# Partitioning a list when the cumulative sum exceeds 1

I have a long list of say 1 million Uniform(0,1) random numbers, such as:

 dat = {0.71, 0.685, 0.16, 0.82, 0.73, 0.44, 0.89, 0.02, 0.47, 0.65}


I want to partition this list whenever the cumulative sum exceeds 1. For the above data, the desired output would be:

{{0.71, 0.685}, {0.16, 0.82, 0.73}, {0.44, 0.89}, {0.02, 0.47, 0.65}}

I was trying to find a neat way to do this efficiently with Split combined with say Accumulate or FoldList or Total, but my attempts with Split have not been fruitful. Any suggestions?

• Are you most concerned with "a neat way" or absolute performance? I posted the cleanest method I could think of but I doubt it will perform as well as a simple procedural loop in Compile. Feb 6, 2016 at 15:22
• I like clean methods - and yours is super! Thanks. On testing, it is not as fast as it looks ... which may be because of the AddTo (which, in the past, at least, was a slow mma function). Given dat = RandomReal[{0, 1}, 10^6];, your method takes about 1.5 seconds on my Mac ... I was hoping to find something about 3 to 5 times faster. Feb 6, 2016 at 16:13
• I just updated my answer with one that's a bit faster, but IMHO not enough faster to justify the ugliness. ;^) I shall try to improve it further. Feb 6, 2016 at 16:15
• Seems like a borderline dupe of this one - the only missing step from there to this one in to use InternalPartitionRagged or Mr. Wizard's dynP on the result. In any case, very strongly related. Feb 7, 2016 at 14:47
• @Leonid Wow, that is closely related, and I seem to have forgotten it despite voting for your answer. If I had remembered that question when I first saw this one I would probably have closed it without even trying to answer. Now however my Split method would be out of place there which makes it difficult for me to be happy about a close. So I'm not sure what to do or which hat to wear (moderator or user). Feb 7, 2016 at 14:56

dat = {0.71, 0.685, 0.16, 0.82, 0.73, 0.44, 0.89, 0.02, 0.47, 0.65};

Module[{t = 0},
Split[dat, (t += #) <= 1 || (t = 0) &]
]

{{0.71, 0.685}, {0.16, 0.82, 0.73}, {0.44, 0.89}, {0.02, 0.47, 0.65}}


Credit to Simon Woods for getting me to think about using Or in applications like this.

## Performance

I decided to make an attempt at a higher performing solution at the cost of elegance and clarity.

f2[dat_List] := Module[{bin, lns},
bin = 1 - Unitize @ FoldList[If[# <= 1, #, 0] & @ +## &, dat];
lns = SparseArray[bin]["AdjacencyLists"] ~Prepend~ 0 // Differences;
InternalPartitionRagged[dat,
If[# > 0, Append[lns, #], lns] &[Length @ dat - Tr @ lns]
]
]


And a second try at performance using Szabolcs's inversion:

f3[dat_List] :=
Module[{bin},
bin = 1 - Unitize @ FoldList[If[# <= 1, #, 0] & @ +## &, dat];
bin = Reverse @ Accumulate @ Reverse @ bin;
dat[[#]] & /@ GatherBy[Range @ Length @ dat, bin[[#]] &]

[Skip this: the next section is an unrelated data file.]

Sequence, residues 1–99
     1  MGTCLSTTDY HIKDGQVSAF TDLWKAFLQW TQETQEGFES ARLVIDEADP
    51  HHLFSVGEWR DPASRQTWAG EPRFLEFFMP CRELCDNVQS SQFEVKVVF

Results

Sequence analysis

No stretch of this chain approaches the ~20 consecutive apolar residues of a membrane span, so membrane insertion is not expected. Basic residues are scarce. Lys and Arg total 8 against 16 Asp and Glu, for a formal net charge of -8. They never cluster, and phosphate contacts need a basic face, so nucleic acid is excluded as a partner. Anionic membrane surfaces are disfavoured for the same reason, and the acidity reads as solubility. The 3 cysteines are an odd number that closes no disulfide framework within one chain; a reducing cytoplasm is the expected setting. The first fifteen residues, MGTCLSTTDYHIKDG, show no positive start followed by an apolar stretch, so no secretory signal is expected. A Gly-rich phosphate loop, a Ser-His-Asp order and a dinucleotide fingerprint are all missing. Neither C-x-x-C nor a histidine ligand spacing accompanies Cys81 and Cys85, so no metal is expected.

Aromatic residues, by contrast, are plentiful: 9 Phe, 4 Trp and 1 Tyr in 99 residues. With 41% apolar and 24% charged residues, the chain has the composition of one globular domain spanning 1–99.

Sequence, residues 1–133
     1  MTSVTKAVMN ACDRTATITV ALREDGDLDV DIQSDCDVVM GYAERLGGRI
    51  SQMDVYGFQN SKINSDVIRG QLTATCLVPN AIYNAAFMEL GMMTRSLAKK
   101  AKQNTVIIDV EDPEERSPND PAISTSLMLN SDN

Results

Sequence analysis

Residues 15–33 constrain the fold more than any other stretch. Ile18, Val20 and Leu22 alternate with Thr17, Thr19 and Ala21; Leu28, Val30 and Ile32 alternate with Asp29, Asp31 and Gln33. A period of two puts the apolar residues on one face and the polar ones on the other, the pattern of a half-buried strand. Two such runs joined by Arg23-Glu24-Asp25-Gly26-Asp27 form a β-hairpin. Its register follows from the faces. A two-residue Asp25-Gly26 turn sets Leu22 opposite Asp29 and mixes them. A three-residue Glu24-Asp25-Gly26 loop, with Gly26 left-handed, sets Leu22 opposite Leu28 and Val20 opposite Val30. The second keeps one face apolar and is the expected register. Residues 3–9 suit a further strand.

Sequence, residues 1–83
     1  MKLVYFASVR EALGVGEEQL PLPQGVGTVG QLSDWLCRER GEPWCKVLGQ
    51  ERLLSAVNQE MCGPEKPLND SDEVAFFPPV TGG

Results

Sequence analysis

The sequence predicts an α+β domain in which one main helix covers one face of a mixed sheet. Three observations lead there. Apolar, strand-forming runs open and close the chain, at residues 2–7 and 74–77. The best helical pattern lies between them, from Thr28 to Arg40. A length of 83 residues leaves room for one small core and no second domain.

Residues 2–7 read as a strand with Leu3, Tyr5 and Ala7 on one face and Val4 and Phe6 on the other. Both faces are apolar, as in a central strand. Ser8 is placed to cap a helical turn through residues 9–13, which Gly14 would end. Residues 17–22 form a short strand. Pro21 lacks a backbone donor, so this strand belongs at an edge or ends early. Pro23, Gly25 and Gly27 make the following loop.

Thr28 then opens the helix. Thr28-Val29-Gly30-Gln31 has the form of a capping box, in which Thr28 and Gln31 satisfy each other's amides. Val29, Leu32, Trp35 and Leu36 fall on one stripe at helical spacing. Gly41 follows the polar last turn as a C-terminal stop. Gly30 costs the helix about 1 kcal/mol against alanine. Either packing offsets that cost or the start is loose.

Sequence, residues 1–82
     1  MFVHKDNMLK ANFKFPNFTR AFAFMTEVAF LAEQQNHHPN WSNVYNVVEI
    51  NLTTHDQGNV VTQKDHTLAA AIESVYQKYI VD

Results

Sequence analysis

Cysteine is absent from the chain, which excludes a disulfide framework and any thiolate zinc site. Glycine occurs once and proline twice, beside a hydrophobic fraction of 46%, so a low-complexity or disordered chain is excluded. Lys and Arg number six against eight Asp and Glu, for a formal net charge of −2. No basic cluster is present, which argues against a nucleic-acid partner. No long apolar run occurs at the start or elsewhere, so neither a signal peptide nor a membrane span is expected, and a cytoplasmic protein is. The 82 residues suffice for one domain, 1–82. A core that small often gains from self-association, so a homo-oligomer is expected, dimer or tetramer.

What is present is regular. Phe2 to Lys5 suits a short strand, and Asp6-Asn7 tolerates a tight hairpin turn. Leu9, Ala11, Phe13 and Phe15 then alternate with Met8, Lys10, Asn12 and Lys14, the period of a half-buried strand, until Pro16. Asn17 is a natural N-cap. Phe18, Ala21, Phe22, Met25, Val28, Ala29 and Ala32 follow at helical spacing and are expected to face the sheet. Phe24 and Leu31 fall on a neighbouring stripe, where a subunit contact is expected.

]


Using SplitBy seems natural here but it tested slower than GatherBy.

Modified October 2018 to use Carl Woll's GatherByList:

GatherByList[list_, representatives_] := Module[{func},
func /: Map[func, _] := representatives;
GatherBy[list, func]
]

f4[dat_List] :=
Module[{bin},
bin = 1 - Unitize @ FoldList[If[# <= 1, #, 0] & @ +## &, dat];
bin = Reverse @ Accumulate @ Reverse @ bin;
GatherByList[dat, bin]
]


The other functions to compare:

f1[dat_List] := Module[{t = 0}, Split[dat, (t += #) <= 1 || (t = 0) &]]

fqwerty[dat_List] :=
Module[{f},
f[x_, y_] := Module[{new}, If[Total[new = Append[x, y]] >= 1, Sow[new]; {}, new]];
Reap[Fold[f, {}, dat]][[2, 1]]
]

fAlgohi[dat_List] :=
Module[{i = 0, r},
Split[dat, (If[r, , i = 0]; i += #; r = i <= 1) &]
]


And a single point benchmark using "a long list of say 1 million Uniform(0,1) random numbers:"

SeedRandom
test = RandomReal[1, 1*^6];

fqwerty[test] // Length // RepeatedTiming
fAlgohi[test] // Length // RepeatedTiming
f1[test]      // Length // RepeatedTiming
f2[test]      // Length // RepeatedTiming
f3[test]      // Length // RepeatedTiming
f4[test]      // Length // RepeatedTiming
main1[test]   // Length // RepeatedTiming    (* from LLlAMnYP's answer *)

{6.54, 368130}

{1.59, 368131}

{1.29, 368131}

{0.474, 368131}

{0.8499, 368131}

{0.4921, 368131}

{0.2622, 368131}


I note that qwerty's solution has one less sublist in the output because he does not include the final trailing elements if they do not exceed one. I do not know which behavior is desired.

• +1, I was working on it and got another version of similar idea. i=0; Split[dat, (If[r, , i = 0]; i += #1; r = i < 1) &] Feb 6, 2016 at 15:45
• +1, good stuff. But. I hesitate to vote for closing, but it seems a borderline dupe of this. What do you think? Feb 7, 2016 at 14:46

Here's my take at making a function as fast as possible.

main = Module[{idxs = sub[Accumulate@#]},
InternalPartitionRagged[#, idxs]] &;
sub = Compile[{{list, _Real, 1}},
Block[{i, l = Length[list], ref = 1., bag = InternalBag[{0}]},
For[i = 1, i <= l, i++,
If[list[[i]] >= ref || i == l, InternalStuffBag[bag, i];